Monday, January 18, 2016

Some Links to the Ongoing Conversation about Scholastic's Decision to Stop Distribution of A Birthday Cake for George Washington

(These links are by no means exhaustive, but each of them is worth reading, so I wanted to share. Thanks to Becca, Malinda, Sarah, Sarah, Anne, Nancy, and all my friends who keep me in the loop!)

Here's a link to the announcement at Scholastic. An excerpt: "Scholastic is announcing today that we are stopping the distribution of the book entitled A Birthday Cake for George Washington, by Ramin Ganeshram and illustrated by Vanessa Brantley-Newton, and will accept all returns. While we have great respect for the integrity and scholarship of the author, illustrator, and editor, we believe that, without more historical background on the evils of slavery than this book for younger children can provide, the book may give a false impression of the reality of the lives of slaves and therefore should be withdrawn."

Here's a perspective from Ebony Elizabeth Thomas, whose research at the University of Pennsylvania includes representations of slavery in children's literature: Children's Literature About Slavery: The Struggle Continues.

Here's Paula Young Lee's perspective at Salon: Smiling slaves at story time: These picture books show why we need more diversity in publishing, too.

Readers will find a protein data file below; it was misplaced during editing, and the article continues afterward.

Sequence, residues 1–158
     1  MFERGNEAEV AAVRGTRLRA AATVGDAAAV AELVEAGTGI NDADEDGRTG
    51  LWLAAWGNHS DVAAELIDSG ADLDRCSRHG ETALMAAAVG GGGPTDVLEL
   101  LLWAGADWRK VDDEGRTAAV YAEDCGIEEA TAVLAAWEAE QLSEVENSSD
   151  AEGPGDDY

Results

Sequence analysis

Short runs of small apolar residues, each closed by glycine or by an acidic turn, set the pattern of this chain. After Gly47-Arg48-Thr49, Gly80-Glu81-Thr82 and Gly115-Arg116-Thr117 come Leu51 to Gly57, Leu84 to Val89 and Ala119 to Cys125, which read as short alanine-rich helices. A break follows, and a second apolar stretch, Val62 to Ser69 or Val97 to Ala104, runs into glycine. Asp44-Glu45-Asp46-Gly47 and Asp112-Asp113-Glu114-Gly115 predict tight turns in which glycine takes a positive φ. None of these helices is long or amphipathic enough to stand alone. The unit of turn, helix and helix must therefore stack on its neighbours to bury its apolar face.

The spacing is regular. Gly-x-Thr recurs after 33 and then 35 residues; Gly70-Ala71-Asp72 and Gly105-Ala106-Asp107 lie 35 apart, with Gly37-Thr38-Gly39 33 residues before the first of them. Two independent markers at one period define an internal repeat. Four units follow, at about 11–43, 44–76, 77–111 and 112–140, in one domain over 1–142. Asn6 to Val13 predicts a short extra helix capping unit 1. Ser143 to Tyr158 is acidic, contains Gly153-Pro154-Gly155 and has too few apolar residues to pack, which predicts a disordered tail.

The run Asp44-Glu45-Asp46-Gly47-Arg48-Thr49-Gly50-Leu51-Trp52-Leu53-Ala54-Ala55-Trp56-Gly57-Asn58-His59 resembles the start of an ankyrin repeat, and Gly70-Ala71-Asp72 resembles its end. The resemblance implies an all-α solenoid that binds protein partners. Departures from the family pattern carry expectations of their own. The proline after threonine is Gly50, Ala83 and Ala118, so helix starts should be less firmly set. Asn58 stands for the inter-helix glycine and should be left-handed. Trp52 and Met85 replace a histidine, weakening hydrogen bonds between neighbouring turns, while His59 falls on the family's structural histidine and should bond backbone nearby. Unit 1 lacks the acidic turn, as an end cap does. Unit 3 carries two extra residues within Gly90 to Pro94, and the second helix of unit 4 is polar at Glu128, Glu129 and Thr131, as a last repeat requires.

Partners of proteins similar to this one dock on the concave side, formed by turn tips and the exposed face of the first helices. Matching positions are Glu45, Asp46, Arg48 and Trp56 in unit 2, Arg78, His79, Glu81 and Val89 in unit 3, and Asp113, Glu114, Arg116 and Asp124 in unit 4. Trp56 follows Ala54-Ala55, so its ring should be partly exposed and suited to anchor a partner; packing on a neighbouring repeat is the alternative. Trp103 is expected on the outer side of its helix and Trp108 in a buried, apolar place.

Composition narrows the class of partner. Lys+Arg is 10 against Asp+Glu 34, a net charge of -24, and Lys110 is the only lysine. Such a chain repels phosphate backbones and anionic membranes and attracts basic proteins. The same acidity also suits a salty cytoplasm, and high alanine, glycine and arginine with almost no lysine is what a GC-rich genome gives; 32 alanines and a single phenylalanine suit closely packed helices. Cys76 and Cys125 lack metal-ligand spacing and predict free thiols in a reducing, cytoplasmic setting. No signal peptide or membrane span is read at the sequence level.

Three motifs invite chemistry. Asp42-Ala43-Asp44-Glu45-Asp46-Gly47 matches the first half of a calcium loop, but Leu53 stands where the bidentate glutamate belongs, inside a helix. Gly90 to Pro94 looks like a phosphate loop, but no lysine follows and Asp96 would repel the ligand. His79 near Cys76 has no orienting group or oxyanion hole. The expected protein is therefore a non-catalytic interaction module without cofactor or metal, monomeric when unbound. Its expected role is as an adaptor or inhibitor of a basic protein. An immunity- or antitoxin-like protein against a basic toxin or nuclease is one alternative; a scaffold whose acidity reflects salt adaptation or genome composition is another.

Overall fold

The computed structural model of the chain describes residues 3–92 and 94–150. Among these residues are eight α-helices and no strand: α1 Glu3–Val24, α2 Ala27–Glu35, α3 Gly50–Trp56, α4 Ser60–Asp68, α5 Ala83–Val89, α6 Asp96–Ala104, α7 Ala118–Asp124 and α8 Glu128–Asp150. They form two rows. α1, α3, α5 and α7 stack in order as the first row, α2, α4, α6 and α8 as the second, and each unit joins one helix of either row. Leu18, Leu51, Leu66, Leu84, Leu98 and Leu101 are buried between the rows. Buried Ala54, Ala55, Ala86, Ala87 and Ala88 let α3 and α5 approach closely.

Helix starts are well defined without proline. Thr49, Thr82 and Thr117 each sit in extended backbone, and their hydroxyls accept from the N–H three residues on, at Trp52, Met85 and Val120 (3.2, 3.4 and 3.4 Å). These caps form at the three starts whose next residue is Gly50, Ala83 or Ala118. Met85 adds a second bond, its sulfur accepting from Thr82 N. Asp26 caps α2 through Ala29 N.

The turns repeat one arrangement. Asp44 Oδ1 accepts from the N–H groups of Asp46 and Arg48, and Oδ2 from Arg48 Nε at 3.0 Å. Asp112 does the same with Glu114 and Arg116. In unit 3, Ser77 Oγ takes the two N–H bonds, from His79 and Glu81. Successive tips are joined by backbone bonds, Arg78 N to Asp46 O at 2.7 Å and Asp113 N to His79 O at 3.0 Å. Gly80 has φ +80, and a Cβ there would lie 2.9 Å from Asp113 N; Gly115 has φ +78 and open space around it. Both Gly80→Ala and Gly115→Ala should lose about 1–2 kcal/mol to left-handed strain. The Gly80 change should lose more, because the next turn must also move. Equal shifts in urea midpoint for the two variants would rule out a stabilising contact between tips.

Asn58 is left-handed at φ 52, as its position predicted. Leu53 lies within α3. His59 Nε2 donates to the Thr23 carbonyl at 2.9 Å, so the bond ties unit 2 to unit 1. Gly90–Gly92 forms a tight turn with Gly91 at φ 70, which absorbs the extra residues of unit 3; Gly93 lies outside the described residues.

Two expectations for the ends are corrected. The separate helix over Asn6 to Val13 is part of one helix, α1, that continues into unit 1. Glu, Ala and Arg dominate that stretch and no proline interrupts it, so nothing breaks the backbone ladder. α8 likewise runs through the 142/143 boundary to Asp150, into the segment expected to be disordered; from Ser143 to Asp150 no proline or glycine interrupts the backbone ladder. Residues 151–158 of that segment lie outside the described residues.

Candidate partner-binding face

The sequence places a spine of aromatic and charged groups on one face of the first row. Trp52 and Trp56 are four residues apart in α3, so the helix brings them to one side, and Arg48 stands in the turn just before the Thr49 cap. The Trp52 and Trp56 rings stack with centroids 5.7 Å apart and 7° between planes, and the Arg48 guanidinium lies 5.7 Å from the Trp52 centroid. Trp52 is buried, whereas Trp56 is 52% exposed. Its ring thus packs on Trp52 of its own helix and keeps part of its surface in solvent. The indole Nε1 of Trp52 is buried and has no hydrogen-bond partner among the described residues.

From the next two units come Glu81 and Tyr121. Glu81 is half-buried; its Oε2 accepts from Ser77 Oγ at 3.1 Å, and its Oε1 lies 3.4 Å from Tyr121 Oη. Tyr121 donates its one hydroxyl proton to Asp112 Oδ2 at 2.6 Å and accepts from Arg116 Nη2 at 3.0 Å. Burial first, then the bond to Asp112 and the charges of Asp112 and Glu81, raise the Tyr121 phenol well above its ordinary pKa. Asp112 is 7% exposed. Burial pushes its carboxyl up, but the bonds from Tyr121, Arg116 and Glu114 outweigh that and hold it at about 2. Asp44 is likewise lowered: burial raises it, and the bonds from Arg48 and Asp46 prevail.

Here's Zetta Elliott in the Horn Book: The Writer's Page: Decolonizing the Imagination. (Clarification: this essay was published in 2010. It was not written in response to the recent conversations [unless Elliott is a time traveler, like some of her characters ^_^].)

And here are the thoughts of the book's editor, Andrea Davis Pinkney, who, in addition to being a VP and executive editor at Scholastic, is an African American woman and a Coretta Scott King Award-winner: A Proud Slice of History.

At 5:24 PM edited to add (thanks, Laya):

From Mitali Perkins' blog: WARNING: This Book Might Be Recalled. Read it Fast. Decry it Even Faster.

On Jan 24 edited to add (thanks, Becca):

Michael Twitty, who works at the intersection of cooking, American history, and slavery in the USA, shared his thoughts at The Guardian: What happens when children's books fail to confront the complexity of slavery?